10.25.2007 2:07am
jim:
I don't particularly see the problem with a Justice expressing policy preferences by urging Congress to act from the bench. At a bare minimum it is better than expressing policy preferences by reading them into places they don't exist.

Besides, might not judges, as the people who populate the forum where unexpected applications of laws may present themselves, have insight about laws that legislatures might not. I would certainly think it would be appropriate for Ginsburg, acting as a mere citizen, to address the legislature (maybe you disagree with this). I am not sure how doing so from the bench is bad if done in the correct way.

Finally, imagine the reverse. Would we criticize a member of Congress, or Congress as a whole, for expressing an opinion about the proper interpretation of the Constitution? I don't think we would. When we think about members of Congress unduely influencing the courts it is by recommending specific results-oriented policy decisions be enacted by the court, not, for example, by giving their opinions about the historical context of the second amendment. In other words we think Congressional urgings are inappropriate when they use reasoning that is irrelavent to what the Court is supposed to be deciding.
10.25.2007 2:09am
OrinKerr:
Christopher M,

I think you're missing a key point, though: what makes Ginsburg's comment unusual is not that she expressed her personal preference, but that she took steps to try to "propel legislative change" (in her words).

Charitable Fellow,

That is indeed a charitable interpretation, and I certainly thought about that possibility. But isn't Justice Ginsburg's language actually pretty clear in this case? "propel legislative change . . . The response was just what I contemplated. . . ." etc. Given that this was a speech, not an off hand comment, she seems to be making the point pretty clearly, I fear.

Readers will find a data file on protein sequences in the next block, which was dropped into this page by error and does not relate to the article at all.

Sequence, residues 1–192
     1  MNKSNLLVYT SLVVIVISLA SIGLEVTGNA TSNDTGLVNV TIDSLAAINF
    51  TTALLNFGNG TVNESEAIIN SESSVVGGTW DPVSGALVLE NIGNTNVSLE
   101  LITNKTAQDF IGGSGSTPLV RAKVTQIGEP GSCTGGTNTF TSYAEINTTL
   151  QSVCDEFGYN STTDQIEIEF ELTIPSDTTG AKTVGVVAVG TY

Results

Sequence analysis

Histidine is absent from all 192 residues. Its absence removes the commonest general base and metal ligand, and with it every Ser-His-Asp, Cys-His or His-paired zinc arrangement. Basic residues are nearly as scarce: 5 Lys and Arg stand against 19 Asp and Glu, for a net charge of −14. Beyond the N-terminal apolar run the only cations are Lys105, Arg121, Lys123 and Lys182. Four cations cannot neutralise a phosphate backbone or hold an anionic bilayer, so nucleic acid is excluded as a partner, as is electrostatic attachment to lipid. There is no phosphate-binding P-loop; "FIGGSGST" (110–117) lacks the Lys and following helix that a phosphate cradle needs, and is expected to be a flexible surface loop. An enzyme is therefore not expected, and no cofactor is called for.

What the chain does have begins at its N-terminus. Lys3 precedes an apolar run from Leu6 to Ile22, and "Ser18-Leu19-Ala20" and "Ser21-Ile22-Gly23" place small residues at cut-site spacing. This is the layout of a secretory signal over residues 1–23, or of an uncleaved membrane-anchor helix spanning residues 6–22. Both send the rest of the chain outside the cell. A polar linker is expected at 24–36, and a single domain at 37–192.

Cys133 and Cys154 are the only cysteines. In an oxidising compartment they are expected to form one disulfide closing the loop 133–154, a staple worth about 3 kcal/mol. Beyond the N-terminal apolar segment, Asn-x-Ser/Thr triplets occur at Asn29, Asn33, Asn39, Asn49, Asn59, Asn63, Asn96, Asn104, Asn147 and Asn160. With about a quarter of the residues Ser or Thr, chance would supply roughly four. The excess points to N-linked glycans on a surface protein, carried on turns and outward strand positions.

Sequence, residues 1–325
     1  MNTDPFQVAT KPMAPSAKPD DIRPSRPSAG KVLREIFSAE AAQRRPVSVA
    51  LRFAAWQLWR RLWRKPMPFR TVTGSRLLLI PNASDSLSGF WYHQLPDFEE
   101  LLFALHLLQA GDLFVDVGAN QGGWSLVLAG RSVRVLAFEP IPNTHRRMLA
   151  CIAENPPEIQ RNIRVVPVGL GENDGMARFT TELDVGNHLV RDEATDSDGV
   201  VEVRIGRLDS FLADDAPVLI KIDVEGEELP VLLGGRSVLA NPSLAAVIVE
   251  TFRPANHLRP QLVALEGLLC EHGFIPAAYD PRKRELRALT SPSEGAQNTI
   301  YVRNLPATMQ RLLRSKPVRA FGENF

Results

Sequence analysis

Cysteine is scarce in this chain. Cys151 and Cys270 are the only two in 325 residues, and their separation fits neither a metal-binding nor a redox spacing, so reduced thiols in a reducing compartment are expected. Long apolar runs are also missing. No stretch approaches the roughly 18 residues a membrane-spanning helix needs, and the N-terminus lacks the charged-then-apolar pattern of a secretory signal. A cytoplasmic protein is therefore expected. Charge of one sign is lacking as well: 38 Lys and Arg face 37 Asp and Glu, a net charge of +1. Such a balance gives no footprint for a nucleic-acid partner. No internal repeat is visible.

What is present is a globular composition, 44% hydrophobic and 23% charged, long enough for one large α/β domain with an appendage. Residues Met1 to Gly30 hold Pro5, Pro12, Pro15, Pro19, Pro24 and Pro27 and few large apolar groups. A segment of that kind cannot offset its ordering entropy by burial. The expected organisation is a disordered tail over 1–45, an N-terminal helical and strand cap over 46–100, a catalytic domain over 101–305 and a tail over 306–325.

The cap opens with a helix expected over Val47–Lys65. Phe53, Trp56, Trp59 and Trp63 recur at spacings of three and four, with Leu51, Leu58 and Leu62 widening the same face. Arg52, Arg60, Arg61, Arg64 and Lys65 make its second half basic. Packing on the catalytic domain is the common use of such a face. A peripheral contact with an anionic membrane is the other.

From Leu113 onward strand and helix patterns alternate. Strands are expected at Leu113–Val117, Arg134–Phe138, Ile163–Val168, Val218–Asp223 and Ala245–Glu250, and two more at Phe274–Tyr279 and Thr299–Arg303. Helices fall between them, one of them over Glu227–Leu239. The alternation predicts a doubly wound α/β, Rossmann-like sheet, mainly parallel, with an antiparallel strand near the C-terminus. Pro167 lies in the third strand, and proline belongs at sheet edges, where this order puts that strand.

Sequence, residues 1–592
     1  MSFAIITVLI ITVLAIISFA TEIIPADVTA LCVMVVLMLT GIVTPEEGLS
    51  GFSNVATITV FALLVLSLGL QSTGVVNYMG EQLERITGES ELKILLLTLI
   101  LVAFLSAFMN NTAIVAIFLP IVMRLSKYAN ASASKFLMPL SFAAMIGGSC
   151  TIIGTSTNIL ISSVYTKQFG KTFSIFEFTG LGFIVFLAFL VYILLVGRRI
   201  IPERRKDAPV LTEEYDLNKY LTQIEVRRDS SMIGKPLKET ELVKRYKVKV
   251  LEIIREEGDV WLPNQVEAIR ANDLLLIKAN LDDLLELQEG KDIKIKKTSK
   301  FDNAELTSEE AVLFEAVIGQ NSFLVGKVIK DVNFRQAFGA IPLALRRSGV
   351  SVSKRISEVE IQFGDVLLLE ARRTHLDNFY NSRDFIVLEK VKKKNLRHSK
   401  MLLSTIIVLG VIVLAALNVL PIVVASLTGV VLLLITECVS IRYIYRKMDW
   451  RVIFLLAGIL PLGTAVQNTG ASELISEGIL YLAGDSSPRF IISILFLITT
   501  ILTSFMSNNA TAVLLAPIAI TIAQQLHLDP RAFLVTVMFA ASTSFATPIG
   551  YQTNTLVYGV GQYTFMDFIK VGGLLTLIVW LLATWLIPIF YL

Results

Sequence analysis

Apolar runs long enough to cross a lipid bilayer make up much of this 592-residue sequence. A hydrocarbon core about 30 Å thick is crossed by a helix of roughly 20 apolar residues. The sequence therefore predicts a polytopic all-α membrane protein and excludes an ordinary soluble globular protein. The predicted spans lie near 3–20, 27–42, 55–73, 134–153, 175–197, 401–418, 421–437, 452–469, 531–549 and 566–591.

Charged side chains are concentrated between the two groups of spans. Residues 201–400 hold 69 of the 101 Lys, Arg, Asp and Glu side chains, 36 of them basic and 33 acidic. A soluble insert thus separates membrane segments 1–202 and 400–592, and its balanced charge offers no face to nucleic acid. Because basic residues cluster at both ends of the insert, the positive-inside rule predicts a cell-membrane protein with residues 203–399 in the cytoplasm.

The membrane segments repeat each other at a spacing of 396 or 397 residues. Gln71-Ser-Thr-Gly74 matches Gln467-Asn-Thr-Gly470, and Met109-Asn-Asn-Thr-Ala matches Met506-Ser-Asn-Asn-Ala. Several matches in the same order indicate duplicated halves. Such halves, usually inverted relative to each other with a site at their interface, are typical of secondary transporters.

Bama 1L,

I responded to that in the post, I think.
10.25.2007 2:12am
OrinKerr:
Sean M, Bama 1L, etc:

I do hope you'll respond to my last paragraph, in which I wrote:
Some might argue that her view of her role really isn't surprising, and that we should expect Justice Ginsburg to try to influence Congress this way. But if that's true, doesn't it mean Justice Ginsburg's argument for judicial independence falls flat and that legislators are justified in trying to influence the decisions of the Court? I don't see how you can have it both ways.
I thought that was an important part of the argument, and so far I don't think comments have addressed it.
10.25.2007 2:15am
David Schraub (mail) (www):
Yeah, I'm going to register my agreement with George that we have a very different conception of "independence" when it comes to the Judiciary versus Congress. The former is supposed to be free of political influence, while the latter is explicitly supposed to be responsive to arguments and proposals coming from the outside. Especially given the rather mild nature of how Ginsburg tried to influence the legislature here (essentially, just through moral suasion), it'd be tough to discern a true threat to "legislative independence" even if we were to hold such a concept to the same level as "judicial independence." Certainly, Congressman often try to "influence" the court by suggesting — in much more explicit language — how they expect certain laws and constitutional clauses should be interpreted. Unless they take it a step further and try and strip Court's of jurisdiction, impeach wayward justices, or question the legitimacy of the judiciary as a whole, few have a problem with this.

And also, I agree with Christopher M. that the judiciary's role on the "front-lines" of where law meets practice means they have a proper role to play when they see that a given law isn't working properly. Pragmatically speaking, this strikes me as a good check against legislators writing terrible laws that don't effect many people but are still awful in practice, and, more intriguingly, provides an "outlet" for judges who dislike a law but still think it "legitimate" to explain their discontent and thus break the connection that voting to uphold a law means sanctioning the policy (Ginsburg didn't do that here, since she dissented, but a good example would be Judge Birch's majority opinion in Lofton v. Department of Children and Family Services, upholding Florida's anti-gay adoption law while calling the policy "misguided" and expressly hoping for change).